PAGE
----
Also authored by CDT Europe’s Rachele Ceraulo and Vânia Reis.
Policymakers in Europe are hard at work on all things artificial intelligence, and we’re here to keep you updated. We’ll cover laws and policies that relate to AI, and their implications for Europe, fundamental rights, and democracy. If you’d like to receive CDT Europe’s AI Bulletin via email, you can sign up on CDT’s website. Due to the Summer period, there will be no AI Bulletin in August, but we will be back with you in September!
I. The Latest on the EU’s Proposed Artificial Intelligence Act
Negotiations between the European institutions — commonly known as the trilogues — on the AI Act have begun, launching the final stage of drafting the legislation. A first “handshake” meeting between the three institutions took place on 14 June, kick-starting the process that will result in the final version of the AI Act. Three trilogues have been officially scheduled for 18 July, and 3 and 26 October, and will be led by Spain, which has assumed Presidency of the Council for the latter half of 2023.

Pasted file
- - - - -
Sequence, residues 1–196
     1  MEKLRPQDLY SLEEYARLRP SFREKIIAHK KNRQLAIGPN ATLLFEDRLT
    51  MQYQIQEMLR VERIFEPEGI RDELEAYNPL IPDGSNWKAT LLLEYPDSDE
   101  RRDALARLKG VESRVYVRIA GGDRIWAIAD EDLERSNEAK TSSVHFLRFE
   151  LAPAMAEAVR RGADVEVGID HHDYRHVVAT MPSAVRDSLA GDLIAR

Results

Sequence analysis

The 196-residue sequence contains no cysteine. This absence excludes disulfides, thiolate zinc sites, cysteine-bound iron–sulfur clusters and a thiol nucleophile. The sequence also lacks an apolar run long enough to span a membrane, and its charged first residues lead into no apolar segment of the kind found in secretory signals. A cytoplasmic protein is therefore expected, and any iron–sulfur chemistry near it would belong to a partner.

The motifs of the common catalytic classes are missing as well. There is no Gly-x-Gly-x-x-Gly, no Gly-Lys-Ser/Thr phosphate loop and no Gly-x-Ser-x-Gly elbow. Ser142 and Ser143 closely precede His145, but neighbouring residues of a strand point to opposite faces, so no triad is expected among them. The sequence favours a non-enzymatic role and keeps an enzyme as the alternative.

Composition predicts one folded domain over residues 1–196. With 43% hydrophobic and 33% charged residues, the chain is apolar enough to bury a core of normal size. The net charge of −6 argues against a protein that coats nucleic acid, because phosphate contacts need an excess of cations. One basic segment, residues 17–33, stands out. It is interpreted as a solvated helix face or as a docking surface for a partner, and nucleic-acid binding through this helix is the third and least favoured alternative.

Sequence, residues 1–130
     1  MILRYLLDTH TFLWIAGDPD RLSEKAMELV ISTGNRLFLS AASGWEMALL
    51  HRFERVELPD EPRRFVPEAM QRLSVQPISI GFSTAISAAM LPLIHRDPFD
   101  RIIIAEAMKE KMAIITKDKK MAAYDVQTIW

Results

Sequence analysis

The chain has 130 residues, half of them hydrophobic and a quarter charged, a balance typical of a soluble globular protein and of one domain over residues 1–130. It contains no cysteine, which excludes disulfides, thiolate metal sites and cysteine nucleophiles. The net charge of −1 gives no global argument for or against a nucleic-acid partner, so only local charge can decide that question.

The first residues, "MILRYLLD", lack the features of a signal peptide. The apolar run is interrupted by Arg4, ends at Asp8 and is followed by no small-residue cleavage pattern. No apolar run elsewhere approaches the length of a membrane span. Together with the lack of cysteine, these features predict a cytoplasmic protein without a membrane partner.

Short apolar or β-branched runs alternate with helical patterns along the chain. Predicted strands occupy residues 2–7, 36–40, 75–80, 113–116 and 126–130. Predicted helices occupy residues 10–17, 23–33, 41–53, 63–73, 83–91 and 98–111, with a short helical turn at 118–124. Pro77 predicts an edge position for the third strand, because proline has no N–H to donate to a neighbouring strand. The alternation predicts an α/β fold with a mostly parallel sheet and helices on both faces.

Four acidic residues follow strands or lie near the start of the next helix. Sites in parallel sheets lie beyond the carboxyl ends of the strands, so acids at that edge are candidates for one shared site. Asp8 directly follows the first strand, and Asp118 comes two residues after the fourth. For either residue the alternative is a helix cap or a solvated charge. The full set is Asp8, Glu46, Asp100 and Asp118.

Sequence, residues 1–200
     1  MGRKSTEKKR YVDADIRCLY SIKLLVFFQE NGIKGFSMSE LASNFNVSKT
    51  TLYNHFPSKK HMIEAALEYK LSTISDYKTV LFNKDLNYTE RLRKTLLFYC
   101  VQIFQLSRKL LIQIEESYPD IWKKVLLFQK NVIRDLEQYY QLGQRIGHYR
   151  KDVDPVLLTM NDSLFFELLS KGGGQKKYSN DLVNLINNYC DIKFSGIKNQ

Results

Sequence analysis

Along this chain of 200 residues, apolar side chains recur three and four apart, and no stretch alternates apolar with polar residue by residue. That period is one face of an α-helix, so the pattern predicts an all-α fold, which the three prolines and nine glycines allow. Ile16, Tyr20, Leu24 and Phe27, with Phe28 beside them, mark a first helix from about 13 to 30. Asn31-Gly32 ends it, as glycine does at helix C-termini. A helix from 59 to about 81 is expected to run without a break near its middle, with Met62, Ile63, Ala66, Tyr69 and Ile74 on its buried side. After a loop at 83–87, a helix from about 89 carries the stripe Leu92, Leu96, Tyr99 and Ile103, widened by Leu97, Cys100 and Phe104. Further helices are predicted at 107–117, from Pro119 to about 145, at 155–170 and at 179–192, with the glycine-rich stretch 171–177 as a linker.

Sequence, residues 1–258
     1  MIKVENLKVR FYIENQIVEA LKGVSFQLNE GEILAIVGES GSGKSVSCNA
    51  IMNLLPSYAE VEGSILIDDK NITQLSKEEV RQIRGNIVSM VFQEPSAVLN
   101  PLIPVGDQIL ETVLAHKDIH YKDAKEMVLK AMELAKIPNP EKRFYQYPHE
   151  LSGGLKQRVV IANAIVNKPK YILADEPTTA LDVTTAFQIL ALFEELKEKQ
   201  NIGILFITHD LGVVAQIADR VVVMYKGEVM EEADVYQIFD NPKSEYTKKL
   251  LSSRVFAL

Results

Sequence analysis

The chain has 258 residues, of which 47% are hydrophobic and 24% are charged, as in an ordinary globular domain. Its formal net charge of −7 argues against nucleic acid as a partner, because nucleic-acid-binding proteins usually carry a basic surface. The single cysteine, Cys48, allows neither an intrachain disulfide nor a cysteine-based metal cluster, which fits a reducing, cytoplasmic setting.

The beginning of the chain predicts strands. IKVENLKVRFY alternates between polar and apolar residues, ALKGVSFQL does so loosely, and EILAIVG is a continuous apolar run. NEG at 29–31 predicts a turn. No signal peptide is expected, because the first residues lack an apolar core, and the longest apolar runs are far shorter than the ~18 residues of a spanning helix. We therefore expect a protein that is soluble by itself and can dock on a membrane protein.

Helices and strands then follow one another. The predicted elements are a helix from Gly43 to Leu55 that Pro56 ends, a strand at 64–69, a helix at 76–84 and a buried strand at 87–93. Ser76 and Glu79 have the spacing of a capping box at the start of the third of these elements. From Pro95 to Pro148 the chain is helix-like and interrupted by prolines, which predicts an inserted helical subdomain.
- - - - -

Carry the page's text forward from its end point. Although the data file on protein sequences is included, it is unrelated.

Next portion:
In addition to trilogue meetings, as many as 13 technical meetings to sort out details of the AI Act have been announced for the Summer period. This commitment signals that the EU institutions aim to reach an agreement ahead of the 2024 European Parliament elections. Representatives at the technical level have already discussed several issues where consensus may be reached swiftly, including obligations of providers and users of high-risk AI systems; the conformity assessment procedure that verifies regulatory compliance of high-risk AI systems; and the requirements standardisation bodies have to meet when developing harmonised standards. Negotiators discussed the standards that are used by organisations to demonstrate that their AI systems comply with the regulation, and agreed to make very few amendments to the text on conformity assessment.